Company counsel should ensure that any search warrant for its electronic records includes a search and review protocol outlined by the court. If the search warrant does not include such protocols, company counsel should go directly to the magistrate who issued the warrant and request sequestration of the seized material until a specialized forensic examiner segregates it.
Subject companies and their counsel should proactively identify for the court how it proposes to segregate the subject electronic data-for example, key word searches, custodian, dates, and location.
Company counsel should not hesitate to go to the magistrate if a government search warrant involves the search for electronically stored data that could affect the privacy interests of clients, employees, vendors, etc. The Ninth Circuit's decision sanctioned the use of Federal Rule of Civil Procedure 41(g) to seek the return of improperly seized property in these circumstances. "The government argues that Rule 41(g) is inapplicable because it is not designed to be used as a suppression motion. But CDT and the Players' Association are not seeking to have evidence suppressed, as they are not criminal defendants. Rather, by forcing the government to return property that it had not properly seized, CDT is preserving the integrity of its business and the Players Association is protecting the privacy and economic well-being of its clients, which could easily be impaired if the government were to release the test results swept up in the dragnet."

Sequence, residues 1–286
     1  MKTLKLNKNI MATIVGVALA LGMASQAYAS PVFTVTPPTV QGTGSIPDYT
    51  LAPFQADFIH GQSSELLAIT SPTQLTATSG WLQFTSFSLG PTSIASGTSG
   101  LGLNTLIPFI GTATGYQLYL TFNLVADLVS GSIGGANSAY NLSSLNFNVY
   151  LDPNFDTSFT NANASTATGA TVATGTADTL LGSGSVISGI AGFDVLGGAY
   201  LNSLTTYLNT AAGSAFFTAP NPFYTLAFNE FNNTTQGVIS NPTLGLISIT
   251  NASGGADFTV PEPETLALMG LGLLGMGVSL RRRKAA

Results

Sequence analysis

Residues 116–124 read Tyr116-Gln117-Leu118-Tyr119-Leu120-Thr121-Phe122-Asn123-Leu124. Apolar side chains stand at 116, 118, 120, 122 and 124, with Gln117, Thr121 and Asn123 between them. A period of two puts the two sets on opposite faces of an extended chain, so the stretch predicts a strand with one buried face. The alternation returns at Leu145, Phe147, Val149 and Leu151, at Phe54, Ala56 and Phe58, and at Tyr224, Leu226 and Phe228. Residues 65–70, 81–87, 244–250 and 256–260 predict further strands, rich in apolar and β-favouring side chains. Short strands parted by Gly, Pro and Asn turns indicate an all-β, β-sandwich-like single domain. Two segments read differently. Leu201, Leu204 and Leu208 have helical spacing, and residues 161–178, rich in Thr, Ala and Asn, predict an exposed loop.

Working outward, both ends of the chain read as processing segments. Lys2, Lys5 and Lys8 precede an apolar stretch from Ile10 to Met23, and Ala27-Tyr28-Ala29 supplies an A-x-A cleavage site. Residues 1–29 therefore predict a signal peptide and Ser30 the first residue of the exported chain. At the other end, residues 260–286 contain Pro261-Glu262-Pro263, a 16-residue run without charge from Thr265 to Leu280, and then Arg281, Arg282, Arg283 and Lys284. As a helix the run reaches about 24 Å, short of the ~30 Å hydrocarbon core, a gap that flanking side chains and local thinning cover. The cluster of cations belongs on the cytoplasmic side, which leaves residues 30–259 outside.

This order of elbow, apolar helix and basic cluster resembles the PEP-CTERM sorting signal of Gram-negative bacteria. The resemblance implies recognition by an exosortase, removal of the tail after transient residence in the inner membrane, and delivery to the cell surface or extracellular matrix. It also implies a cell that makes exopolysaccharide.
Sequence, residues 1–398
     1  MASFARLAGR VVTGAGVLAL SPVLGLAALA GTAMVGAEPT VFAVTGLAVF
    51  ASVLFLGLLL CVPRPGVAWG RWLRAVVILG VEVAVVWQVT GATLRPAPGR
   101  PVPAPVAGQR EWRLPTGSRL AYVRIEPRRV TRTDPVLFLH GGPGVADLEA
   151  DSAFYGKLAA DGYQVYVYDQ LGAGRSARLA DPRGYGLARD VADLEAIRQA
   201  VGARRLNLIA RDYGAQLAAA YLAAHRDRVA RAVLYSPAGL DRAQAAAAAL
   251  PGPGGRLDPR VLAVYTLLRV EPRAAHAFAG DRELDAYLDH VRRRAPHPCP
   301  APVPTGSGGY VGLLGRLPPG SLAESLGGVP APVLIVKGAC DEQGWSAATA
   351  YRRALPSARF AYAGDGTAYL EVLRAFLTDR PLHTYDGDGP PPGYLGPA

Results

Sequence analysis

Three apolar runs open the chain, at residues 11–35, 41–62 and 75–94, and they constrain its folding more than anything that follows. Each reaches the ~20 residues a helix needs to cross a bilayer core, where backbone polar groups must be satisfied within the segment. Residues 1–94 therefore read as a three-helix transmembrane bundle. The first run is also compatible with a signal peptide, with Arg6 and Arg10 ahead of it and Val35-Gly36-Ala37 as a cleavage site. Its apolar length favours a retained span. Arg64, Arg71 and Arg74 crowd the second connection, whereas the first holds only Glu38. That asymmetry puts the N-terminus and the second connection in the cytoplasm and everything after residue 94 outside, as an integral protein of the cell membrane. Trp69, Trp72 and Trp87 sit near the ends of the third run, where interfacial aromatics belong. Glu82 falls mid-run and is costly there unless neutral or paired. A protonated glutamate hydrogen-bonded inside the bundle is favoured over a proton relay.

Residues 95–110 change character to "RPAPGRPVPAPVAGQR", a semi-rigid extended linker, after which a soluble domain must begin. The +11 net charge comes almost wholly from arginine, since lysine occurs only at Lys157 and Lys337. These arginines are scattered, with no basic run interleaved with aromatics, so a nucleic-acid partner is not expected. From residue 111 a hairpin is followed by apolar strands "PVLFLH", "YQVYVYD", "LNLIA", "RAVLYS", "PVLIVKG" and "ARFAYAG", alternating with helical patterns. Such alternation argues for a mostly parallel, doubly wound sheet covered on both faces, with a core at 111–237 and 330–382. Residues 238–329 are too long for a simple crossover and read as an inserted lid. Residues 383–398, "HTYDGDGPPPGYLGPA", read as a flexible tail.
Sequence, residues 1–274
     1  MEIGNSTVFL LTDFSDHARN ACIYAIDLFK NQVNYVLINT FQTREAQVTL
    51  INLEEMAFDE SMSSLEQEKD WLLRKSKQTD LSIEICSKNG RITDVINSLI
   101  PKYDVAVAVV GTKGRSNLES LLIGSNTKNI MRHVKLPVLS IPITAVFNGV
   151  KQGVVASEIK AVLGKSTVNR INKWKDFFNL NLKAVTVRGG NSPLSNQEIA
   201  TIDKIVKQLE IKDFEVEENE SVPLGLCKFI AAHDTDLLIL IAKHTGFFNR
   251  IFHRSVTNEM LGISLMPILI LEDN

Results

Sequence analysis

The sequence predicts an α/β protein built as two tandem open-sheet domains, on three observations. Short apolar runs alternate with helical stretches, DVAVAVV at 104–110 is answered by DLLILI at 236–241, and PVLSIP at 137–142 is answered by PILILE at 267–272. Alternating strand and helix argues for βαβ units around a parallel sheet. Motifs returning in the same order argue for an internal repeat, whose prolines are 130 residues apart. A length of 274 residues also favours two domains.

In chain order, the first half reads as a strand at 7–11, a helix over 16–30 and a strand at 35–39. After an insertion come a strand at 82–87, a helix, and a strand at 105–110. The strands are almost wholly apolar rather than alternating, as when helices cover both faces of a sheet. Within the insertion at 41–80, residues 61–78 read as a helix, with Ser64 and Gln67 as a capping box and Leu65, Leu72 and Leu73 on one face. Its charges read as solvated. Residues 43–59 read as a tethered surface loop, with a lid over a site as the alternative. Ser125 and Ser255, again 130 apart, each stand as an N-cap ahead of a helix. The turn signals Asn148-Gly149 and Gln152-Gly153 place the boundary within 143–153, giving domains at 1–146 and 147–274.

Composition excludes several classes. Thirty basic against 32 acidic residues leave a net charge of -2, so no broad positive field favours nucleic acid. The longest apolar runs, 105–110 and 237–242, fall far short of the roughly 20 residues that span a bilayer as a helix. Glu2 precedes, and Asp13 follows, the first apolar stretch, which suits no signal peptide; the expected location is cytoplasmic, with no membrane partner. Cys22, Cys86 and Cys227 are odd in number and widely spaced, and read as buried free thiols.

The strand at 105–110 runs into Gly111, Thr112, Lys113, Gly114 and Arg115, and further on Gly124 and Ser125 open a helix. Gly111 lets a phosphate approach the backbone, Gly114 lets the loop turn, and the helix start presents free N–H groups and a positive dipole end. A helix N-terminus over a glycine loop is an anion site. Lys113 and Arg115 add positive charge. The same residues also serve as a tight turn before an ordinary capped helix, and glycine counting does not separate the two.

Subject companies should request that the segregation of any data be conducted by, or under the close supervision of, an independent third party selected by the court.
The Ninth Circuit's opinion is a recognition of and an effort to combat the "serious risk that every warrant for electronic information will become, in effect, a general warrant, rendering the Fourth Amendment irrelevant." As a result, this decision provides "clear rules to follow that strike a fair balance between the legitimate needs of law enforcement and the right of individuals and enterprises to the privacy that is at the heart of the Fourth Amendment." These rules should be utilized by employers to protect the confidentiality of data requested via a government search warrant.
If you have any questions about the information contained in this LawFlash, please contact any one of the following Morgan Lewis attorneys:
Nathan J. Andrisani
Morgan Lewis associate Jonathan W. Light contributed to this LawFlash.